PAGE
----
Considering how much I dislike being in between books, I thought I would be clever and bypass the purgatorial uncertainty by doing some advance planning.
The plan is this: before I finish with my current book, I’m going to peruse a bunch of potential next-reads. From this perusal, one — or at least not too many — will be settled upon as the next ‘books I’m reading’. Should the selection process become too difficult, I can always return to the soothing oasis that is my current book and continue with the search another time. Sounds good?
The execution has turned out a bit trickier than the plan suggests. I’m currently on the last chapter of James Boyle’s The Public Domain, and from my little “looking ahead” plan, I got William Patry‘s How to Fix Copyright, Adam Freedman’s The Party of the First Part: The Curious World of Legalese, and Lawrence Krauss’s A Universe from Nothing lined up. Although 3 potential next-reads are not the 1 definite next-read that I had hoped the plan would produce, the case is even more hopeless than it now sounds. I’ve realized that although I have these 3 books as my first-tier selections, I’m still not sure that I’ll read one of the three. So I also have a second-tier set of selections: Noah Feldman’s Divided by God: America’s Church-State Problem, Branko Milanovic’s The Haves and the Have-Nots: A Brief and Idiosyncratic History of Global Inequality, Martha Nussbaum’s Why Democracy Needs the Humanities, Tim Groseclose’s How Liberal Media Bias Distorts the American Mind, and a bunch more books on copyright that is perennially on my reading list. And even after that exhausting list, I can’t say for certain that my fickle mood won’t drive me to look for something else altogether.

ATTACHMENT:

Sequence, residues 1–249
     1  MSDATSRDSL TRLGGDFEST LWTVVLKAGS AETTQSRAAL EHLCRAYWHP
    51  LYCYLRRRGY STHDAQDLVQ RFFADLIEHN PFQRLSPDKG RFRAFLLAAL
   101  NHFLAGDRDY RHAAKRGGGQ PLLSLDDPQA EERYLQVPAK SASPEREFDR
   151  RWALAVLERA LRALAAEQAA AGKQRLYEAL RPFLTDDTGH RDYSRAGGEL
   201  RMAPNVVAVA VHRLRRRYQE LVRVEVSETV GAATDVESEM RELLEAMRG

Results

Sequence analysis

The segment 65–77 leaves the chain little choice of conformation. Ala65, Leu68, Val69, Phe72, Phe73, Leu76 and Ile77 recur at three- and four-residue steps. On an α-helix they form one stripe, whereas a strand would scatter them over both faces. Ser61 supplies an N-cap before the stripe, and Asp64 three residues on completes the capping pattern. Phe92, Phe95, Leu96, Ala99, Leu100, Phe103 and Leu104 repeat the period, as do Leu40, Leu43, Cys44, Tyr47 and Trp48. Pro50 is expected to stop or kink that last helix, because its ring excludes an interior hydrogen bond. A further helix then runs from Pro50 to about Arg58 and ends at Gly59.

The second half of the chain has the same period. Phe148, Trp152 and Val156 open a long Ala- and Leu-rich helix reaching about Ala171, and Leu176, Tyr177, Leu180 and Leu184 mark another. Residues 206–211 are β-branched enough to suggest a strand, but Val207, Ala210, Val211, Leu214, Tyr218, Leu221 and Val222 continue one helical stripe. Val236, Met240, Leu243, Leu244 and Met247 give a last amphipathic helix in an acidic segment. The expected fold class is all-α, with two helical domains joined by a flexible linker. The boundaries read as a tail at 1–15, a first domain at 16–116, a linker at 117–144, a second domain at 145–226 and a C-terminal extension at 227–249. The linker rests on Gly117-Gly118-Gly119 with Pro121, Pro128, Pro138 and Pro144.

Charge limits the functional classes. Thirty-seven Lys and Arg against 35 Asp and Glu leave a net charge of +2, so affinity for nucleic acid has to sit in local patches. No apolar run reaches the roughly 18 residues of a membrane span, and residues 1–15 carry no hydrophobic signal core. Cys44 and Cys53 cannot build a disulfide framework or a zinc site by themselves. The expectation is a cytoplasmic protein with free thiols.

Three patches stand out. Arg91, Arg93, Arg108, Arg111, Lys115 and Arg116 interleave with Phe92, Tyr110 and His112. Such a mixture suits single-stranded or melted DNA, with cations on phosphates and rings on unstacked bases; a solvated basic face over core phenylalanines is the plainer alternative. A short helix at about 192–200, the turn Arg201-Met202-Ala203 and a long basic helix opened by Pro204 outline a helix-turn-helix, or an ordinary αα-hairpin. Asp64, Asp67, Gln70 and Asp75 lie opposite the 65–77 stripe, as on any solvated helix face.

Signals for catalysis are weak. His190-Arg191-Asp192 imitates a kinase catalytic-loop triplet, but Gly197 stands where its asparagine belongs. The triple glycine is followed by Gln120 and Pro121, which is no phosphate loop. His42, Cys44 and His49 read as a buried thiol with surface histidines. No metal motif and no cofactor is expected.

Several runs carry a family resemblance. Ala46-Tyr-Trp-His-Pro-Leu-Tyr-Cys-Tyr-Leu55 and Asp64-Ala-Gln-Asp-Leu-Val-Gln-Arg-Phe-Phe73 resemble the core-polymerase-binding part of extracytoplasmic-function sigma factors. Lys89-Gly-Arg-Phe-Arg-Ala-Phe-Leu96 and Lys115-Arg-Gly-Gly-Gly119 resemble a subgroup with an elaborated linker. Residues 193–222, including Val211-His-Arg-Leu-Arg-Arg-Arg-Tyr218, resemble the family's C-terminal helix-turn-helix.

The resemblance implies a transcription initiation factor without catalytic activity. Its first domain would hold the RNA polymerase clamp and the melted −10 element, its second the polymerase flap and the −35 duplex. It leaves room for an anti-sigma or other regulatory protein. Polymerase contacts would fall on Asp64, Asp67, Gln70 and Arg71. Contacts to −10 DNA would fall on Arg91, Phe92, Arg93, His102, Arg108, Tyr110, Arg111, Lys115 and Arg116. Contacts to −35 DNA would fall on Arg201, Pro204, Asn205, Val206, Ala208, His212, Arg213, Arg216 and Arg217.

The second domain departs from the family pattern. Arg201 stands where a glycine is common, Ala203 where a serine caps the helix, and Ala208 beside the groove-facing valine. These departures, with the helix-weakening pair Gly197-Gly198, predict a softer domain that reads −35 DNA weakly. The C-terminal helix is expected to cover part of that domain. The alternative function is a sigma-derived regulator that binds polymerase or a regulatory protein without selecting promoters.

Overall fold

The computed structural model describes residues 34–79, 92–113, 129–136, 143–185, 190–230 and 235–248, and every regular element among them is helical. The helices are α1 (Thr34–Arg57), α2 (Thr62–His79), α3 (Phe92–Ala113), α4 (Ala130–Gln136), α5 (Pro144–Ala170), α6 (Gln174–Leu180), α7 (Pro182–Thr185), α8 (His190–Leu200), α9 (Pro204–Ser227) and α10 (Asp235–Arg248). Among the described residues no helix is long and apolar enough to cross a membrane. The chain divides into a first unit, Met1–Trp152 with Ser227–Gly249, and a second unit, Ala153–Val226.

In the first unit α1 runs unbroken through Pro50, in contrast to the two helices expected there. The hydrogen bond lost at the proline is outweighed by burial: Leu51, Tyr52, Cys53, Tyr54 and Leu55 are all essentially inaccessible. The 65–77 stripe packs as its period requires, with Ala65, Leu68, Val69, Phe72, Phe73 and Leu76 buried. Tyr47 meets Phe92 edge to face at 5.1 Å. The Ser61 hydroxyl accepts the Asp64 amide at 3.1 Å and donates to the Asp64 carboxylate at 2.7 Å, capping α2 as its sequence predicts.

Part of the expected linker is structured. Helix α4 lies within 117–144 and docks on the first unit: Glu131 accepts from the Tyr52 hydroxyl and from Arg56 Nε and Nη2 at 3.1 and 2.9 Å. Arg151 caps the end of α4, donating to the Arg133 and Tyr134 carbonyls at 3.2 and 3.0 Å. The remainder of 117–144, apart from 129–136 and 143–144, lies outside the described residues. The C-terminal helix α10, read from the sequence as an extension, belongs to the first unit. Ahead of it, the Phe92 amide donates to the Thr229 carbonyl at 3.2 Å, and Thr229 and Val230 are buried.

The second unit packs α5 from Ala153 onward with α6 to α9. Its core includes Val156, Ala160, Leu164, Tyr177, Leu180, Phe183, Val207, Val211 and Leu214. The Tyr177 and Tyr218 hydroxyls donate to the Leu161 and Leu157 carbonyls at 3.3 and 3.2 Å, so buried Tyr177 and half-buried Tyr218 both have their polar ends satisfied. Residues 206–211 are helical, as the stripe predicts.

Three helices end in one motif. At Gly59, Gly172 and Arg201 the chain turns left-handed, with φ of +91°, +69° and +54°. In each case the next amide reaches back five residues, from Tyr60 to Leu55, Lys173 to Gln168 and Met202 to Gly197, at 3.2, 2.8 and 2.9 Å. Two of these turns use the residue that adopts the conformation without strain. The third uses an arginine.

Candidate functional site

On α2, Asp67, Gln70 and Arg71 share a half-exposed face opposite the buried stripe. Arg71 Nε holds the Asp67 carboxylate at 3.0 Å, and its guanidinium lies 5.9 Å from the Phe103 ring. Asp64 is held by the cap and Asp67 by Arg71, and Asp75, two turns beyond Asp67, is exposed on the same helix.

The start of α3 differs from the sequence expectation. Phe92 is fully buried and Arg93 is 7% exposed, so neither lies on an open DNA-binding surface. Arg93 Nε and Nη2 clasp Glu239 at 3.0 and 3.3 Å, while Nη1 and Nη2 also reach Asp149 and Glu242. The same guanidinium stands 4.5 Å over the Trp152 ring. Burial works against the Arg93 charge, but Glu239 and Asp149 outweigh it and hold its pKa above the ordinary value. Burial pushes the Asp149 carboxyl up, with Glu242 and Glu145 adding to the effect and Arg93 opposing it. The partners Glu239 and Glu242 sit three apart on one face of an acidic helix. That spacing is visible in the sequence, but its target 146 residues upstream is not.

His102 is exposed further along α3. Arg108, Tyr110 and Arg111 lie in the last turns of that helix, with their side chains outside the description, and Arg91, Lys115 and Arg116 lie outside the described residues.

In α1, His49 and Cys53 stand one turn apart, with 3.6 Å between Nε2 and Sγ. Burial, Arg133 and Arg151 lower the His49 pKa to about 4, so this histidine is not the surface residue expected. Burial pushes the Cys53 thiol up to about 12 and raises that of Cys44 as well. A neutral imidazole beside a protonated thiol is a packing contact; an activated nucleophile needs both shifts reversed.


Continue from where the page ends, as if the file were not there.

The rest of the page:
(Image from the Getty Museum.)